regale you with stories of kids who take 4, 5, 6, etc. years to get a degree
—- not always out of laziness…

Medical Staff Credentialing – c’est finis

…Medicine is a complex field, with little uniformity in just about every area you
look into, but we all understand the need to ensure that quality care is
delivered….  It would be prudent for
anyone interested in trying to make (needed) changes to work one step at a time,
rather than trying to throw a Hail Mary pass…

Patient Safety – Putting Our Money Where Our Mouth Is

It’s easy to pay lip service to patient safety – after all, who could be against it?  So states the October 23rd issue of the Modern Healthcare article, What Patient Safety Looks Like

Patient safety slogans have become a mantra in today’s healthcare environment.  But are our habits and culture really changing?  Are healthcare providers and industry leaders truly embracing safety, or are some simply embracing the latest buzz?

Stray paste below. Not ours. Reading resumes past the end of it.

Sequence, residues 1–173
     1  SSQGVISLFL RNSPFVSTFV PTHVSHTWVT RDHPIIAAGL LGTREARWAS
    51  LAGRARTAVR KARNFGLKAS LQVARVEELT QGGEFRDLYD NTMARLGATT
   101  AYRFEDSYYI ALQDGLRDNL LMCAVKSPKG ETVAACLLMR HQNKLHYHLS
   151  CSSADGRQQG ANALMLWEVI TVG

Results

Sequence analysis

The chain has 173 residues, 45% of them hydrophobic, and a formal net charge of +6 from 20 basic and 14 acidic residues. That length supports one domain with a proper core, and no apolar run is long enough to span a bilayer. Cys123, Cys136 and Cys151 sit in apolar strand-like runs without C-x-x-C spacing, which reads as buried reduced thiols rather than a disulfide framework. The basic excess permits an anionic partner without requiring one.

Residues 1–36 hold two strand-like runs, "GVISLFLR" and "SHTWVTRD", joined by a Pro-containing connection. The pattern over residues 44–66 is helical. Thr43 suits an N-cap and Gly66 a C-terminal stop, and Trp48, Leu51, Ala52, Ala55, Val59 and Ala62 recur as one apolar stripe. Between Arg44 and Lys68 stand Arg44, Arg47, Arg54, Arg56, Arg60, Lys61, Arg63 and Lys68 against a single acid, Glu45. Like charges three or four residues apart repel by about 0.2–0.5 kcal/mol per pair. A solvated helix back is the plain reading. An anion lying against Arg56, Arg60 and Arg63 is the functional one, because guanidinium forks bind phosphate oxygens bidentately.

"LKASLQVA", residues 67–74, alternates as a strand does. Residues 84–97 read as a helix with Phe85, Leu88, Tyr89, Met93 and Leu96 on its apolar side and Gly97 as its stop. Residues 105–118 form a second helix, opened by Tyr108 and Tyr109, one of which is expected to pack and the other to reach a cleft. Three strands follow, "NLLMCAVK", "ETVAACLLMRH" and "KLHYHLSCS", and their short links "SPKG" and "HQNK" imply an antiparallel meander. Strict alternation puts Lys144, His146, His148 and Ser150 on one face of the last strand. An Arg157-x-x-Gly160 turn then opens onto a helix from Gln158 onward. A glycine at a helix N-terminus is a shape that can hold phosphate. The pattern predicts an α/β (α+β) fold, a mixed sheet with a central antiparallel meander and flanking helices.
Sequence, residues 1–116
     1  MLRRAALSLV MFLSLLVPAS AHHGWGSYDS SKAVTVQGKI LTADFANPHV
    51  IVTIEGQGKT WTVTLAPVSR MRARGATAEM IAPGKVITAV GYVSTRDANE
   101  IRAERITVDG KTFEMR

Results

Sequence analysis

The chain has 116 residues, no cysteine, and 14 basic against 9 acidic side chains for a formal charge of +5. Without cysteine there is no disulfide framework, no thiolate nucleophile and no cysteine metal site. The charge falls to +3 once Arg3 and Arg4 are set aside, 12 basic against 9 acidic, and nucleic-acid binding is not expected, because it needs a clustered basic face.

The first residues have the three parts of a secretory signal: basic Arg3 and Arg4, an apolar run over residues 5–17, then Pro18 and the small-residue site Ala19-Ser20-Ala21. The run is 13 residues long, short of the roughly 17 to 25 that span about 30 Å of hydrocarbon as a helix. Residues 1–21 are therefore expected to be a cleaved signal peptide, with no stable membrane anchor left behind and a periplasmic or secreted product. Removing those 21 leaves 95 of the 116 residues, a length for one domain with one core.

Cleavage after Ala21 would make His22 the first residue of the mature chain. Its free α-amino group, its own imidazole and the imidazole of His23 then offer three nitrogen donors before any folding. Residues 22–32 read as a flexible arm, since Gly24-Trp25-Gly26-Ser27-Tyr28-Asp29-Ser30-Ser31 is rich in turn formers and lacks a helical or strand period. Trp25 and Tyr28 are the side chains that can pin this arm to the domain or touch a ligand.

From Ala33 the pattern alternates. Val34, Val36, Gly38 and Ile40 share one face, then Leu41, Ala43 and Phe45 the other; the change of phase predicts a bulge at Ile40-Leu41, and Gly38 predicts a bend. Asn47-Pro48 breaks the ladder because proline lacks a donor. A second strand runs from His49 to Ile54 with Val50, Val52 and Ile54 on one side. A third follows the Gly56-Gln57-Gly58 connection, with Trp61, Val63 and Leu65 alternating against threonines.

Actions speak louder than words. Much like the well-worn phrase employees are our greatest asset uttered by the business owner or manager whose actions reveal an altogether different attitude, those who speak but do not act fail to inspire trust.

The Modern Healthcare article goes on to state: An organization with a serious commitment to patient safety has a chief executive officer who embraces and champions safety.  In every interaction with members of his or her leadership team, as much attention is devoted to improving safety as to meeting financial goals. 

A significant amount of senior executives’ incentive compensation is linked to attaining specific, measurable organizational goals for safety improvement.  These goals are also reflected in incentive compensation plans and employee performance evaluation criteria for all relevant clinical staff, including employed or contracted physicians.

Violations of safety policies (for example not washing hands between patients) result in disciplinary action, repeated violations may even result in termination or loss of privileges.